SINGAPORE - She had a bad feeling that something was wrong.
Her husband, a stickler for punctuality, was taking an unusually long time getting home from work that Sunday.
Filled with foreboding, she took her own car and re-traced the route he usually took home. And she saw the mangled wreck that was his BMW, wrapped around a tree.
Shell-shocked, she simply watched as rescuers extricated his body.
She was 27. Their daughter, Megan, was a mere six months old that February in 2003.
"I was lost," says the freelance nutritionist frankly.
She had met Peter, a doctor, in December 1998. They married in December 2000, and it was supposed to be a happily-ever-after union.
Both in the healthcare line, they worked in the same building, lunched together, before knocking off together.
And then everything came to a sudden halt.
"You don't think it could happen to you," she says. "And when it does, you keep asking 'why'. Why did life have to take a turn like that? I was like an automaton. Just mechanical. Go to statuary boards, to the insurance companies, doing what I had to do to settle his affairs, then returning, exhausted, to Megan and crying myself to sleep."
She almost let despair overtake her, she admits. "I didn't want to wake up in the mornings. Then one day, I saw Megan looking up at me. At that moment I told myself I had to go on... It wasn't fair to her. I couldn't afford to wallow in self pity."
The months after were hard.
She returned to work after about a month. "It gave me a sense of purpose."
She became a single mother and provider, and had to learn basic skills like writing a check and online banking.
"I learnt to manage finances, I learnt to do things like changing light bulbs. When the car breaks down, there's no one else but you to solve it."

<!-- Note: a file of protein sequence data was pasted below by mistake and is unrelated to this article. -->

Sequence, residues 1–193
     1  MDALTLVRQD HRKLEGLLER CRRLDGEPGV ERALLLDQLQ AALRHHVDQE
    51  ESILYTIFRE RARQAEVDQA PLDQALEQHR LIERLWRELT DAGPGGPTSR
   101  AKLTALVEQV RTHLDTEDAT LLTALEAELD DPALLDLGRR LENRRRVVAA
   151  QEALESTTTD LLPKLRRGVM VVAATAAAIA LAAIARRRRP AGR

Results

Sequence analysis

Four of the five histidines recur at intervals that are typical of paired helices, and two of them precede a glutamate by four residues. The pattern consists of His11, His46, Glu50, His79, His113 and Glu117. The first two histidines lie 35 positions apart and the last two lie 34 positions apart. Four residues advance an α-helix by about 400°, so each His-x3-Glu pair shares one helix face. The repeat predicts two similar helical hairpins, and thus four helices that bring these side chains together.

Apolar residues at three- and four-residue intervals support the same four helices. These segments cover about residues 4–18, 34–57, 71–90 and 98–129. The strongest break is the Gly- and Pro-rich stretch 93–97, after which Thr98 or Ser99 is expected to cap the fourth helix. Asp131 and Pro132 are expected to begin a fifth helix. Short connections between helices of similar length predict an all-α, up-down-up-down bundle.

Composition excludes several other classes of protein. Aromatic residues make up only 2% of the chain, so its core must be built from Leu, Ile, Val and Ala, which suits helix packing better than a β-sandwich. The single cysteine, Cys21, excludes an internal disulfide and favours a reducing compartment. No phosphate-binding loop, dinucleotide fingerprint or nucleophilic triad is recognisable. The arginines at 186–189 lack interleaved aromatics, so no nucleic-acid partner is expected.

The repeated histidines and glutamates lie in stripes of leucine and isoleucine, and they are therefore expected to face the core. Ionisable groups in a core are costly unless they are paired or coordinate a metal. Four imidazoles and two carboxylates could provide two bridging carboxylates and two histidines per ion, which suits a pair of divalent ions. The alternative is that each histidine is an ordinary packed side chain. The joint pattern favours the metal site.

The first year was about surviving one day at a time. The second was harder.
"Reality set in that he was never going to come home," she says simply.
Then there were the heartbreaking milestones: For instance, she was determined that Megan would have a first birthday party.
"The people who came, our good friends, were happily married, with their children," she says with a touch of wistfulness.
Then there were parent-teacher meetings - which she attended alone.
Madam Quek's vivacious personality comes though at this point: "But every hard thing I had to go through, everything I did for Megan or completed successfully, however painful, however much I had to struggle alone, I felt I'd achieved something."
Among the people who helped her along her journey, were the volunteers from Wicare. And she says she still counts Wicare members among her closest friends.
Volunteers came and visited her not long after the accident. Widows themselves, it was easy to talk to them and let out her anguish.
"They were so empathetic. They understood the grief and they didn't judge."
Her story and experiences eventually made it to a book the organisation produced in 2008, Strength To Live, to help widows overcome their challenges with practical advice on how to handle tough situations.
Since then Madam Quek has found new love.
She remarried in 2006 and has since had three more children. She speaks with refreshing candour but admits that even 10 years on, tears can still come with the recollections.
Megan too, still asks questions about her late father, often with tears in her eyes. "I encourage her to talk about it, let her talk it out."
For herself, Madam Quek found peace creating a journal. And today, she helps other widows with her experiences too.
She says quietly: "The pain of losing a loved one never quite goes away. But I hope I can help someone else with my own experiences."
Get The New Paper for more stories.